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Everyone knows that labour in British English is labor in American English.

However, a cursory examination of a dictionary shows the words collabourate and collabourator, derived from the mentioned word labour, do not exist in British English.

Why not?

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Bearing in mind that orthography is to some degree capricious, nonetheless the reason "why not?" can be affirmed in this case. Simply, 'collaborate' is a much later borrowing than 'labour', and draws its spelling from different etymons. 'Collaborate', in short, is not derived from 'labour' per se.

For 'collaborate', the OED Online gives this etymology,

< modern French collaborer, or its original, Latin collabōrāre

and the first attestation of the word's use is from 1871:

1871 J. H. Appleton Life & Lit. Relics (1881) 25 The collaborators of the Revue critique, especially those who collaborate for the Academy.

For 'labour', however, the same source gives this etymology:

Etymology: Of multiple origins. Partly a borrowing from French. Partly a borrowing from Latin.
Etymons: French labure; Latin labor.
< Anglo-Norman labure, Anglo-Norman and Old French labur, labor, Anglo-Norman and Old French, Middle French labour, Old French, Middle French labeur (French labeur) trouble, effort, affliction, misfortune (first half of the 12th cent. in Anglo-Norman), hard work (1155), burden, task (c1170 or earlier in Anglo-Norman), suffering (c1270 or earlier in Anglo-Norman), outcome, product, or result of work (1283), ....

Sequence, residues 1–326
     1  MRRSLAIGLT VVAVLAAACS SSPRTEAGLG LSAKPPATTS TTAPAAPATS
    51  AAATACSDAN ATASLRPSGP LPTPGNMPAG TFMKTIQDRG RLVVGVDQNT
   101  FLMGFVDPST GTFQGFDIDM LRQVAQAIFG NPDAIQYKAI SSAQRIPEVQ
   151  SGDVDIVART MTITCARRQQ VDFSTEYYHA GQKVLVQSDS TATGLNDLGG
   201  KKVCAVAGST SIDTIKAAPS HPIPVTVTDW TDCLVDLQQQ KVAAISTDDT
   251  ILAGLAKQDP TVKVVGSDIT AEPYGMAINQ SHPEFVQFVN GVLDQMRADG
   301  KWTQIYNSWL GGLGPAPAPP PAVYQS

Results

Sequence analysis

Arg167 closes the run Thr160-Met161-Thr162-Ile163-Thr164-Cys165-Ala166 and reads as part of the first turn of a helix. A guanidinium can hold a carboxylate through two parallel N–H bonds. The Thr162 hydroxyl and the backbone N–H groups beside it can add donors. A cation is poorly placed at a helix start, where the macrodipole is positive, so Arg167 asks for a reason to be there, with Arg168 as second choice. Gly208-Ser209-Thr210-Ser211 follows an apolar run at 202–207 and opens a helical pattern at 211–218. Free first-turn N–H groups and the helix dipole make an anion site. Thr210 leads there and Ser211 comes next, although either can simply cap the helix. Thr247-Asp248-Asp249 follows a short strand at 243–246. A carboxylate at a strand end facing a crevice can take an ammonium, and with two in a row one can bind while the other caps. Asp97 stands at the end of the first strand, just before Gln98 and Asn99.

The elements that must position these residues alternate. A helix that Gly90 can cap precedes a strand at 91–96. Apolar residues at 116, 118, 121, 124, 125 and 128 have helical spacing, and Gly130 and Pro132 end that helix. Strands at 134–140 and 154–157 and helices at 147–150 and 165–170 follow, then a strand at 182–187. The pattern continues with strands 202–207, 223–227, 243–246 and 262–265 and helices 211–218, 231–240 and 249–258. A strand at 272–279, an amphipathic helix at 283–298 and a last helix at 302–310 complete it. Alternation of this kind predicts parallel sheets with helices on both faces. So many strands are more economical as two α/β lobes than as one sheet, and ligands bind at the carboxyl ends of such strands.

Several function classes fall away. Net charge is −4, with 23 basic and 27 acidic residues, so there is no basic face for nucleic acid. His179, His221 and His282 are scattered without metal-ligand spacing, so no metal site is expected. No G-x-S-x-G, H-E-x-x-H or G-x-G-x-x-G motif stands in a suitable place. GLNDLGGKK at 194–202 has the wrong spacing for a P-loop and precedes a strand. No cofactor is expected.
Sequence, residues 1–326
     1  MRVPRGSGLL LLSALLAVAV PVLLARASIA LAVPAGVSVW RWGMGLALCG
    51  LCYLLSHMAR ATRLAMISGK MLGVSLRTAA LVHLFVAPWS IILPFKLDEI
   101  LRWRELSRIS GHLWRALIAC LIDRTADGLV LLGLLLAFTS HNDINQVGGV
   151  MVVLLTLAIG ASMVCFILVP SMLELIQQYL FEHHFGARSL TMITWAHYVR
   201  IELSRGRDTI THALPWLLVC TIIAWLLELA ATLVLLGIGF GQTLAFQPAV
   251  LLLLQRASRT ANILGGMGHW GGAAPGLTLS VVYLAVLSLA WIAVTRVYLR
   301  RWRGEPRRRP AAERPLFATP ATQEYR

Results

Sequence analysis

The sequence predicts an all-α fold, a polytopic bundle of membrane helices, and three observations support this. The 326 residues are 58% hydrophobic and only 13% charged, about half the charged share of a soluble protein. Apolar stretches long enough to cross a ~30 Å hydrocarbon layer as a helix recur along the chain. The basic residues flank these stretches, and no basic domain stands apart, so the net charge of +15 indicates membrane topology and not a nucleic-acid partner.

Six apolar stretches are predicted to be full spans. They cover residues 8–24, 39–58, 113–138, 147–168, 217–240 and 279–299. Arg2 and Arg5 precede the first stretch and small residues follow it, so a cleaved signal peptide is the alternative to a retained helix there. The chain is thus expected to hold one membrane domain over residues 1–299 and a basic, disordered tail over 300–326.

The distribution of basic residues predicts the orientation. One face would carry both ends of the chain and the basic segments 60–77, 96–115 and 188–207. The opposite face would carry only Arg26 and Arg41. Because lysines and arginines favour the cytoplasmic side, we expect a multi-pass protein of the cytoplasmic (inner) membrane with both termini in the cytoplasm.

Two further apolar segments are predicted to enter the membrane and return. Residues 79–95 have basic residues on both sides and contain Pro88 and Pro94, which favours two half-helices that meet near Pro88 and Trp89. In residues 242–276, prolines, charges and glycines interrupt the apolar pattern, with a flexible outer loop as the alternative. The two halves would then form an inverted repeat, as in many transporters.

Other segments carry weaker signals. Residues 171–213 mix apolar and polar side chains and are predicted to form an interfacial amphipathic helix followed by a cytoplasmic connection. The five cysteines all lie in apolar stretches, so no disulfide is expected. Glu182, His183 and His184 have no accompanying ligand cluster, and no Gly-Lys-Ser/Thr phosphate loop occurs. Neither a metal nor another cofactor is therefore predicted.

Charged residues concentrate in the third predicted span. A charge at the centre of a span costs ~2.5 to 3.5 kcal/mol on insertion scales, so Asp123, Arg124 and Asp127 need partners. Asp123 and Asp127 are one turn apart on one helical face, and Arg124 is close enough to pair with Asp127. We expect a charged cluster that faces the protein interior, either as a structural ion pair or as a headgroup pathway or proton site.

In the case of 'labour', the earliest attested uses in English occurred in the 1300s, much earlier than the appearance of 'collaborate' in the 1800s.

The spelling of 'labour' with 'u', then, is a consequence of its earlier borrowing from etymons with at least one spelling in 'u'; 'collaborate', on the other hand, was borrowed at a much later date and derives from etymons without the spelling in 'u'.

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